More about Lyrical
Wassily Kandinsky’s interest in Siberian shamanism inspired him to paint Lyrical, an abstracted image of a man riding a horse.
At first glance, this painting looks like some simple scribbles and colour patches. It might even be mistaken for something your daughter made in preschool. Make no mistake, if you look closely, you can roughly make out the shape of a person riding a horse at full gallop. This artwork marks the shift between representational art and abstraction. Often considered the father of abstract painting, Kandinsky’s works began to morph into simple geometric forms during this period in the artist’s career. The artist aimed to join together spirit and logic through painting music. Born with a condition called synesthesia, Kandinsky could see sounds as colors and hear colors as sounds. The artist was inspired by the spiritual quality of music, noting that it is an art form which devoted itself “to the expression of the artist’s soul, in musical sound.”
Kandinsky and some other modernist painters, including Paul Klee created a group called Der Blaue Reiter, or The Blue Rider. The motif of the horse and rider was very prevalent throughout his work. One aspect of the significance of this motif is its reference to the term for modernists “avant-garde.” I’m sure that if you’ve read enough articles on Sartle, you’ve come across this term quite a few times, but if you’re not an art history buff, this word signifies innovation within art, or breaking away from tradition. The French word more closely translates to “vanguard,” referencing the first group in an army to advance. So, bear with me on this, the horse and rider motif is a visual analogy to the term used to define modernism. But this motif runs deeper than wordplay.
Siberian shamanistic practices particularly interested Kandinsky because of his Russian heritage. He identified himself with St. George who, in Siberian folklore, had shamanistic powers. Shamans could communicate with supernatural forces by leaving their bodies and embarking on a spiritual journey. They were believed to be intercessors between mortals and the spirit realm, and endowed with healing powers. The sound of the drumbeat put the shaman into a state of trance, which became his vessel to travel to other worlds. In this way, the drum was the shaman’s magic horse on which he rode up towards the heavens or down into the underworld. In some Siberian tribes, the shaman would ride a “hobbyhorse” carved from a birch tree branch. Picture a grown man riding a horse stick. Kandinsky stated in the very beginning of his memoir that, as a child, he loved “to ride.” His family coachman carved a horse from a tree branch for him, and he loved to gallop around on it. So, once again bear with me on this, Kandinsky loved “to ride” that wood.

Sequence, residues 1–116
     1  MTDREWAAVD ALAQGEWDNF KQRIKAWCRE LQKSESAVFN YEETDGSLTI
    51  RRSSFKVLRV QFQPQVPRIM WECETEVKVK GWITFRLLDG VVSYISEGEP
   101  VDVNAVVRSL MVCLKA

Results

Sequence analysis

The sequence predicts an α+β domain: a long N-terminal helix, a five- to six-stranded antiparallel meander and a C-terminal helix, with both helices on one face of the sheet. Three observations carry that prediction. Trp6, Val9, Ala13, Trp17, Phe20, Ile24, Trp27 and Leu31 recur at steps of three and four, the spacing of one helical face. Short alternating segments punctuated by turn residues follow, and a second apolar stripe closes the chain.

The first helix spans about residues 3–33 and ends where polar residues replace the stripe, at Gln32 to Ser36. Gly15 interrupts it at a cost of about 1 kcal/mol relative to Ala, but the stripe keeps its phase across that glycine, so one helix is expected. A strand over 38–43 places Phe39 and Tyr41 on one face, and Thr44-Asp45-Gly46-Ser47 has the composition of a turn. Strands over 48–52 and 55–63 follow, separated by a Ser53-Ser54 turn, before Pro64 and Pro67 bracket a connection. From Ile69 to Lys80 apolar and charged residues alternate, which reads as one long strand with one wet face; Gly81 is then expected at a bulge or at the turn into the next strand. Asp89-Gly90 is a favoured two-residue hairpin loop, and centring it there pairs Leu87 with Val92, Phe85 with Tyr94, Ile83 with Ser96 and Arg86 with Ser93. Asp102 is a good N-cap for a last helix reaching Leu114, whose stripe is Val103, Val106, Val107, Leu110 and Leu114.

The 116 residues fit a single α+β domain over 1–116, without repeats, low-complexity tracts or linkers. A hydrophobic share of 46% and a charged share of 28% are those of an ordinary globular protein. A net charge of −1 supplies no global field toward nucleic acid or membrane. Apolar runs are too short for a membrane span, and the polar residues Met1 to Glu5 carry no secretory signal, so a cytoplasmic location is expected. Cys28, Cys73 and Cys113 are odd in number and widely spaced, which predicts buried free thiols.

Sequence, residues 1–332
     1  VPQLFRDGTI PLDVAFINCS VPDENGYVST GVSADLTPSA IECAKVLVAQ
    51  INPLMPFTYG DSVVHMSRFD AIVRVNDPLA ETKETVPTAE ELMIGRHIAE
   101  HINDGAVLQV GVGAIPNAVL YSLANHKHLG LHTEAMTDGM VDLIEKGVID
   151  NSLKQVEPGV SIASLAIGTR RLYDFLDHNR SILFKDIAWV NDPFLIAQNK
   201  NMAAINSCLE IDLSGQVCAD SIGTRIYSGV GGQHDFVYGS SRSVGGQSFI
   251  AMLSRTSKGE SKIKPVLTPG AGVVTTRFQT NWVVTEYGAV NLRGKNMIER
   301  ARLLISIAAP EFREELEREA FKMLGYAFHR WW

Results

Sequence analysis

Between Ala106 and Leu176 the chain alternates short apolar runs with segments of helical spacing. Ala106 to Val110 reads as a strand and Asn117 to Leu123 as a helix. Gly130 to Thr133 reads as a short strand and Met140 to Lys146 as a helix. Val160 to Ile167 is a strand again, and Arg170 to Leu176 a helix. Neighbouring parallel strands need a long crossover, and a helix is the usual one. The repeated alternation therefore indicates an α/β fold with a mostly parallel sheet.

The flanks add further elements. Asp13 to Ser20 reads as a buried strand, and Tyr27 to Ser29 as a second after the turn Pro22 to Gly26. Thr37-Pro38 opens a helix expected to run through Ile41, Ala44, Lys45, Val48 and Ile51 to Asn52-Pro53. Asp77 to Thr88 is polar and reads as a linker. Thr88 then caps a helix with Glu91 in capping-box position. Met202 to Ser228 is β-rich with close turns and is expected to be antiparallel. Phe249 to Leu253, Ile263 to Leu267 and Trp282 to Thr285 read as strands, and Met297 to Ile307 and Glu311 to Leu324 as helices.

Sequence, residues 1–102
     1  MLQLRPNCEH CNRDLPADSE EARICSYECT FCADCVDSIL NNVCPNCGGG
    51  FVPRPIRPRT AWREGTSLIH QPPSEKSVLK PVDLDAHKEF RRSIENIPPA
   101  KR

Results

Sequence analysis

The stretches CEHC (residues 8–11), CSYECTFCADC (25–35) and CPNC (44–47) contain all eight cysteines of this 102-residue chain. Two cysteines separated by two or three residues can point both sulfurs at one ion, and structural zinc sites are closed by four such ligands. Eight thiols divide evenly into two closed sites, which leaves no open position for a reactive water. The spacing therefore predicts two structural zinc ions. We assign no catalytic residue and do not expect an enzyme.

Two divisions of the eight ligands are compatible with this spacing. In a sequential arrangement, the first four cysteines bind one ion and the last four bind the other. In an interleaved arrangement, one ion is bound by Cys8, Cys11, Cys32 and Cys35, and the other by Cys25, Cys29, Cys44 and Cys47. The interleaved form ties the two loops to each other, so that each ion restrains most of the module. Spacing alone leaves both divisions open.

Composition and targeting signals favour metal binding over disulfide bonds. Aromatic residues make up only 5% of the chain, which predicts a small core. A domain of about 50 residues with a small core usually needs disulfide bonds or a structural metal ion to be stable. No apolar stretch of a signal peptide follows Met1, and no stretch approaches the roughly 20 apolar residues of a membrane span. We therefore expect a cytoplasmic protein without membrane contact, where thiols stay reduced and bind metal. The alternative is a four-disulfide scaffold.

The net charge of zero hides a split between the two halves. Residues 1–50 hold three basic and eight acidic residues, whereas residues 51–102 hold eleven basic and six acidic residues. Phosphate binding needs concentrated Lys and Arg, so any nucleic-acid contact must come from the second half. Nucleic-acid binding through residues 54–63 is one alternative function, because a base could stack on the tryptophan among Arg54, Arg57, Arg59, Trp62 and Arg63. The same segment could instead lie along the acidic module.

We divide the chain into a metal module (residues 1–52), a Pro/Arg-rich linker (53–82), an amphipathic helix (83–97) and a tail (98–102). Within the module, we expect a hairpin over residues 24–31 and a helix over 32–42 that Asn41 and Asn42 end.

Typically, the shaman’s drum had hieroglyphs and illustrations on them to signify their spiritual qualities, symbolizing the universe as a whole. Kandinsky aimed for this same type of universal symbolism in his desire to reconcile painting with music through his new artistic language of abstraction. As a result, his paintings became increasingly simplified, ultimately taking on a pictographic nature. In Lyrical, Kandinsky minimizes the aesthetic to a simple half circle, a couple of lines, and a scribble. As the motif further developed, the artist began to substitute the form of a circle for the horse and rider. Now, if you go to a museum with your friend and you want to impress them with how much you know about Russian modernist painters, you can point at any Kandinsky that has a circle and say, “Did you know that this circle represents St. George, a Siberian shaman, riding a horse?”
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